Karaka Life - Hurley Architects | ArchiPro

Karaka Life

Located in a tree-lined enclave, this rural property has been designed as a retreat, providing a getaway, everyday, from city working life for its owners and their young family.

“The clients had put a lot of thought into what they wanted and what they didn’t, providing us with a visual brief that included pictures of the site, an in-depth analysis of the sun path and images of other homes from which they had drawn inspiration,” says architect Jann Hurley, Director of Hurley Architects.

“Both work in fairly intensive environments and so wanted the house to be a reprieve from the rigours of working life. ‘Simplicity with a wow factor’, was a key part of the brief, drawing on a palette of traditional rural materials, blended with a modern take on vernacular forms.

“While the clients were drawn to a very modular plan, they didn’t want the conventional pavilion style, so we experimented with different roof profiles, settling on a kind of deconstructed and juxtaposed shed form that allowed the house to spread out across the site while having the sense of being embedded into the landscape.”

Connection to and with the landscape was paramount as the clients wanted a series of outdoor spaces that could be enjoyed throughout the day and seasons. To this end, we have provided three separate areas with varying characteristics. The east-facing courtyard, accessed directly off the kitchen, has been a pleasant surprise for the clients and has become the preferred spot to unwind outdoors,” says Jann.

“The sun-soaked northern decks enjoy a private and sheltered aspect, cloistered by mature trees along the northern boundary, while the western, covered deck captures the lower evening sun on still summer evenings, giving the clients myriad choices for enjoying the bucolic surroundings throughout the course of the day.”

Internally, the home needed to be comfortable and functional, offering open-plan living with spaces that interact while being defined by the structure.

“From the outset, plans for future family life—which came to fruition during construction—called for a modular approach, separating public and private spaces, with quiet sleeping spaces away from entertaining areas.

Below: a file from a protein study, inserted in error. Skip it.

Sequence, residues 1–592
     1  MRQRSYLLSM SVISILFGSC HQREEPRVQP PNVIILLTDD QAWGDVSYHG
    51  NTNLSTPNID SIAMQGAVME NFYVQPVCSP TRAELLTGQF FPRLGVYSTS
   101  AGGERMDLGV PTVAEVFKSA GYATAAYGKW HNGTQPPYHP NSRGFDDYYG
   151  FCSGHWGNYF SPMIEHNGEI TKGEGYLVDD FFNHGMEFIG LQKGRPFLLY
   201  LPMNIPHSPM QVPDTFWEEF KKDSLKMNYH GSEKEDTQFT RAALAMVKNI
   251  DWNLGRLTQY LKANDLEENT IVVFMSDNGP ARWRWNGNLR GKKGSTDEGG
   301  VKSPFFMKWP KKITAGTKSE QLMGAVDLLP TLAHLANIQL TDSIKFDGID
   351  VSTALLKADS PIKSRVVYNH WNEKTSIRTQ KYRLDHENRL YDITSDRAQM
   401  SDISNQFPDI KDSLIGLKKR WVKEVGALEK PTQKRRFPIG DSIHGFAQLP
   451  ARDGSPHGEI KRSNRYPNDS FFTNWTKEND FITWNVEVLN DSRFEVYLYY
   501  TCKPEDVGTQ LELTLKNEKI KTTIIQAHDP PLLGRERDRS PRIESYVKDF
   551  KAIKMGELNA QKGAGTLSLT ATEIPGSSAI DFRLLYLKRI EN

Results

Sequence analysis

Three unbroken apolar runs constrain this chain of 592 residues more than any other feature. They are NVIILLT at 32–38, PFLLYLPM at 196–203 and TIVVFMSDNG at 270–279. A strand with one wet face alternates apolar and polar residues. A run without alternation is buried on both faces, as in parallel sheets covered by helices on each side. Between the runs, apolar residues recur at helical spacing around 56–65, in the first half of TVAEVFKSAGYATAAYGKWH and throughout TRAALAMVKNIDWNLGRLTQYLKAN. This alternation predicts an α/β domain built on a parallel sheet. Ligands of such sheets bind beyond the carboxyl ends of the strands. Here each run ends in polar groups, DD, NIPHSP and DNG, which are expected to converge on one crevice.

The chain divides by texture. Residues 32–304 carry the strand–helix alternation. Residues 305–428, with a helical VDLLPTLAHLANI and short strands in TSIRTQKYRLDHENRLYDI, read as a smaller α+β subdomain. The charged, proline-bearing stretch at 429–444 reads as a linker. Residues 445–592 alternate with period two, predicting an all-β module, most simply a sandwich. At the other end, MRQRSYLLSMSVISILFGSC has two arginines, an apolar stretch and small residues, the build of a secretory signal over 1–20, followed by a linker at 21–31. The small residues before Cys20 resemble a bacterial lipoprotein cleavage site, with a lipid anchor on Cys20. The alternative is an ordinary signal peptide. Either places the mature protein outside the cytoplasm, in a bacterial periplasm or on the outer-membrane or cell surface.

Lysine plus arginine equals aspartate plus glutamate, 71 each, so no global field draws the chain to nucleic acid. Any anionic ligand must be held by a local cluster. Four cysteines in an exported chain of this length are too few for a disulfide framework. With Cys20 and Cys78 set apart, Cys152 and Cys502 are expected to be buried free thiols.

“The house has been divided into three distinct modules—living, bedrooms, services—and it was important to the clients that the living area be open-plan but without feeling like a hall, so while it’s open to the lounge, the kitchen has been tucked away in its own alcove-like space, albeit a very generous alcove.

“As one moves through the free-flowing layout, different views across the site are framed by a variety of window shapes and placements, some of which invite direct access to the various outdoor living spaces.”

In keeping with the clients’ preference for a design that was characteristic of a ‘New Zealand’ vernacular, timber features predominantly on the exterior in the form of cedar weatherboards, which have been accented with long-run steel on the south-facing facade.

Provision was also made to ensure the overall amenity of the home, says Jann.

“The design deliberately minimises the reliance on mechanical heating through higher levels of insulation in the walls and ceiling, as well as its orientation to the sun and inclusion of generous overhangs, which work in concert to take advantage of solar gain during winter while providing shade during summer.

“Further plans include a detached guest house and swimming pool—the perfect addition to this rural refuge.”

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